I know that's tough when she's one of your main sources of emotional support, though. If it helps to see this as transactional, that might be a way forward: Try treating the sharing of emotional burdens as something where each of you should get the chance to have the floor and talk about what's difficult, then support the other when it's their turn to share something, then try to talk about something else fun or interesting (I know, easier said than done some days) besides what's difficult for each of you. Something like that formula, though, has been useful for me when I feel like I'm leaning on a few people too much with difficult life stuff and I want to make sure things remain mutually supportive but not overwhelming for me or the other people. I forget or decide to set that aside sometimes, and things don't always have to be equal in every conversation, but striving for that balance overall might be a good goal. Boundaries are good.

With your mother, don't engage. With your father, don't spend extra time and mental bandwidth wondering what's up. Your mother will start to get the idea and perhaps consolidate her messages if you don't volley the crazy right back to her; your father, well, it's up to him to be an adult and tell you what's up himself, or not. You need to focus on your own needs right now, and it's OK to do that. They are who they are at this point in life and probably won't change, so your only obligation is to figure out how to cope with that (or not! avoidance is a totally valid coping strategy when you're dealing with family members who can't handle their own emotions well and lack good boundaries).

I'm sorry to hear about the job situation—hopefully the job search will pan out soon and things will start to improve. For now, though, try not to dwell upon the outright or micro aggressions you're getting in the workplace. Avoid battles. I know how traumatic it can be to be to feel like you're trapped in a toxic, punitive job situation, yet need it to support yourself, even as you're doing part-time work outside of it to keep going. Just keep applying to things. Try cold-emailing places in your line of work if they don't have openings posted to do informational interviews. Of course that all takes energy and will, and I didn't always follow through on my best of intentions in that regard when I was in a toxic environment once upon a time. it's hard! It's OK to acknowledge this is hard. You will likely feel so much better once you get out of there, even if right now it doesn't seem possible to ever feel better some days.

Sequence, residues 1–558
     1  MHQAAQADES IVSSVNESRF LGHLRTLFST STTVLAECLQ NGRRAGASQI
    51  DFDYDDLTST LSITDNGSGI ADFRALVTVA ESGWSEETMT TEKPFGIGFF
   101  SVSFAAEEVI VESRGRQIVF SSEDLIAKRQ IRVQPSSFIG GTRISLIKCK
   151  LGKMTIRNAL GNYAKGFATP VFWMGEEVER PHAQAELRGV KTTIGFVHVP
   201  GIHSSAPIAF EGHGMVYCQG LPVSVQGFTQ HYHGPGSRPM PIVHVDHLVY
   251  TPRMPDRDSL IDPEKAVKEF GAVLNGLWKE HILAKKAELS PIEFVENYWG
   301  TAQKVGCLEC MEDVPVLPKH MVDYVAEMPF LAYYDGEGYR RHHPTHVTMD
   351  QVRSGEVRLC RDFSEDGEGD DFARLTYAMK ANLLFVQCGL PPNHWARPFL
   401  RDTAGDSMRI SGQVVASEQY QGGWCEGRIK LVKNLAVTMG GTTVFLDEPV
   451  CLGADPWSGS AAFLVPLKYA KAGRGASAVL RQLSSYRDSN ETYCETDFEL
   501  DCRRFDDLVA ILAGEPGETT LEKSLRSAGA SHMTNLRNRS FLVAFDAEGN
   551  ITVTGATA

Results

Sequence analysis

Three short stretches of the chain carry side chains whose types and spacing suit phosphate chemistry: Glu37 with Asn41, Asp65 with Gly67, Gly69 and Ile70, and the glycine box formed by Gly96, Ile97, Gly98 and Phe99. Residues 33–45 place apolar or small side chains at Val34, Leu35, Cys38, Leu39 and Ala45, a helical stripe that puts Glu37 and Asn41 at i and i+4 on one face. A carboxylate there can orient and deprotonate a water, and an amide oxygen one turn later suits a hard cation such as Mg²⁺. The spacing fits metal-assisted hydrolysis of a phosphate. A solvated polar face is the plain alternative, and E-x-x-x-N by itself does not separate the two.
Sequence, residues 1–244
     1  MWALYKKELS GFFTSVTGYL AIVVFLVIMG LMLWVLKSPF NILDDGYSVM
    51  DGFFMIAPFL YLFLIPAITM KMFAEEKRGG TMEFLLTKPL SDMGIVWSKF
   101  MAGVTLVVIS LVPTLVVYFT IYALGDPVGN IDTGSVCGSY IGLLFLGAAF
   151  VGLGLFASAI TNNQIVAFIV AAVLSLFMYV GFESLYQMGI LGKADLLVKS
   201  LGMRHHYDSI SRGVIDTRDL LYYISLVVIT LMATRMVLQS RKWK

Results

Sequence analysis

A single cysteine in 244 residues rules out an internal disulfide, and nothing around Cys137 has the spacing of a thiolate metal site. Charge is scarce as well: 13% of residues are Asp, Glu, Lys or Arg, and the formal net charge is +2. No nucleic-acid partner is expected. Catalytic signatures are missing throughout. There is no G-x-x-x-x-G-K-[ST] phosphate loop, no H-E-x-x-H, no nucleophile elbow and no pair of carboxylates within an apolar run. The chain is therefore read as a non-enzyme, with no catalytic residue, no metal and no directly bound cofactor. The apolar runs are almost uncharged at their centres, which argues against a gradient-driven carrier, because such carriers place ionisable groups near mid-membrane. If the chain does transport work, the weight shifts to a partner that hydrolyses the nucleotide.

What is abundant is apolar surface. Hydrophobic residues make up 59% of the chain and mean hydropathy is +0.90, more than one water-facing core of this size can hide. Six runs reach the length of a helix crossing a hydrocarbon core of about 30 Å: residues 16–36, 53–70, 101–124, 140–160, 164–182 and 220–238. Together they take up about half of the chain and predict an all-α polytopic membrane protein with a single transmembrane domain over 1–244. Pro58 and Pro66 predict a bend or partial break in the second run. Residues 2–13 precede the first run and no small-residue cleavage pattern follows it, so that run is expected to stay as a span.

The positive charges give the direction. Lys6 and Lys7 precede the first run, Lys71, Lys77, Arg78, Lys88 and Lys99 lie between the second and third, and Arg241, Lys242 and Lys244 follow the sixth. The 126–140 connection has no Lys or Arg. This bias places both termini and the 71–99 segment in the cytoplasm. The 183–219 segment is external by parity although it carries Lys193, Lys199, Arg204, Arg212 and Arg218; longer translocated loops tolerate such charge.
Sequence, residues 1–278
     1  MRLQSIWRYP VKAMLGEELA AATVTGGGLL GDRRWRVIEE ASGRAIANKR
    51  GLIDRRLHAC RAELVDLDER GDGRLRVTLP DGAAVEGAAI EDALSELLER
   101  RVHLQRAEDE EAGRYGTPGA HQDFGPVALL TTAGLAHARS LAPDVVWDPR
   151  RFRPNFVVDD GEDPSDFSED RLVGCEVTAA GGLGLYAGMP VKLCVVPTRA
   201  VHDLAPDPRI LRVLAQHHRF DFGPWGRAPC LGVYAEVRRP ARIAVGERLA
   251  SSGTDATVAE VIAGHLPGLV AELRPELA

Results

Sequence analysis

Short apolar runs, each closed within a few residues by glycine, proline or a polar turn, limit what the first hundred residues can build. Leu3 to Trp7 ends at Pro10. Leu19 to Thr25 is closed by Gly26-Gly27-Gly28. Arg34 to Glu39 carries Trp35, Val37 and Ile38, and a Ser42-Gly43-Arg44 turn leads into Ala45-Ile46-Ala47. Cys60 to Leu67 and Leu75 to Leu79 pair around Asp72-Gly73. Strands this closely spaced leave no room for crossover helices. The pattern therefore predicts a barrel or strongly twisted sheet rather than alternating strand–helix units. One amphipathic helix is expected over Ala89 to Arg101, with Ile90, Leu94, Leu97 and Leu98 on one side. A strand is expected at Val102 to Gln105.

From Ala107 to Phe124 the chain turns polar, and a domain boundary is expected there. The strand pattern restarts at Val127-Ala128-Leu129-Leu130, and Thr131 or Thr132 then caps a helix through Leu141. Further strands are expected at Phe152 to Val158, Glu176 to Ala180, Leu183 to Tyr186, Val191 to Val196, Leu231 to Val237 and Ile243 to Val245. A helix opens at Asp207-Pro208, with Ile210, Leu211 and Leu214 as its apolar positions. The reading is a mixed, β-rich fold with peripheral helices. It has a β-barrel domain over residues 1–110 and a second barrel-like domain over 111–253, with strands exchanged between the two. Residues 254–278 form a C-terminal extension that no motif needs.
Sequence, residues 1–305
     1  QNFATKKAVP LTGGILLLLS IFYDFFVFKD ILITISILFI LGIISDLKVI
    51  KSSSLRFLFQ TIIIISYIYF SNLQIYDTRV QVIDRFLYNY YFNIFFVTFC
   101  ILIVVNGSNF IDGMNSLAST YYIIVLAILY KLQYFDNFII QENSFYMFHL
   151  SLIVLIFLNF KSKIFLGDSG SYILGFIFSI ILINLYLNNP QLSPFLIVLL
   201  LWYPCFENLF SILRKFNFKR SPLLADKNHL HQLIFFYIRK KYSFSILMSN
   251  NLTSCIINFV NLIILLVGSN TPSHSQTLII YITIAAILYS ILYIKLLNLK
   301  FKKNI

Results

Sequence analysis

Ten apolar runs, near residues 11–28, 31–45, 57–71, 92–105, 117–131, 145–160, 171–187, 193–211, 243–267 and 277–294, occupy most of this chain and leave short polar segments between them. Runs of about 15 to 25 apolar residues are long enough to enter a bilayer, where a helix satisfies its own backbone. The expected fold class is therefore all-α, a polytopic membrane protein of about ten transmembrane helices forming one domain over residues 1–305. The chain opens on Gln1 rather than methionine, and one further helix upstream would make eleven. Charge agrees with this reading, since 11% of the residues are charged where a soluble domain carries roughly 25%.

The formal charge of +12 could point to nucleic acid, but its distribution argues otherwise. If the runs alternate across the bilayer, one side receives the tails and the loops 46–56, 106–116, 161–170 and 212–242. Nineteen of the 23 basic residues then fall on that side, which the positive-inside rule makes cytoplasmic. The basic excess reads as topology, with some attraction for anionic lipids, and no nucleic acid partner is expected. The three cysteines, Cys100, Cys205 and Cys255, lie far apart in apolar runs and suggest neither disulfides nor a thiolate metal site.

Meanwhile, something free that can be useful to help recast things for yourself when you're feeling this pervasive sense of anxiety is Woebot, a bot for cognitive behavioral therapy. A friend mentioned it a while back, and while some days I get annoyed by the bot and don't want to talk, it's been kind of useful to work on exercises with it to think through some of my negative self-talk.

Also, a few things about your living situation: 1. I've had tendinitis in other areas and long-standing issues with weak ankles going out on me, and I know how frustrating and limiting it can be. If there are any gentle exercises you can do to help strengthen that area, I would definitely suggest making a routine to do that daily. It will make a difference over time. 2. That said, you should perhaps try to get out more if you can manage it, if it's safe to do so (not too icy, etc.). If there's a local park, or even a bench somewhere away from the grossness of your entryway where you can sit and people-watch, or a library nearby you can go to for a while, it might be worth doing that, just so you're not continually shuttling between places you hate, but have third spaces to exist in for a while each day or week, where there's no pressure to interact and/or spend money. 3. Control what you can control in your own space—within your apartment, do what you can to keep it clean, an OK scent, and a space where you feel comfortable and warm and safe. Sometimes taking care of those little things in your immediate environment can make you feel better able to deal with everything else outside, even if it sounds silly or trivial in comparison to other things in your life. Your need for a safe, welcoming space is not trivial. 4. Remind yourself that when you get a better job, you can start apartment-searching. But in fact, you could start searching occasionally now, unless it feels overwhelming. Maybe there's another space out there that would help relieve some of the financial burden you feel right now and also be a cleaner, healthier environment. It's worth looking, if only to have a sense of what's out there for when you're ready to move, as well as just in case you find a better space that's possible to move to now.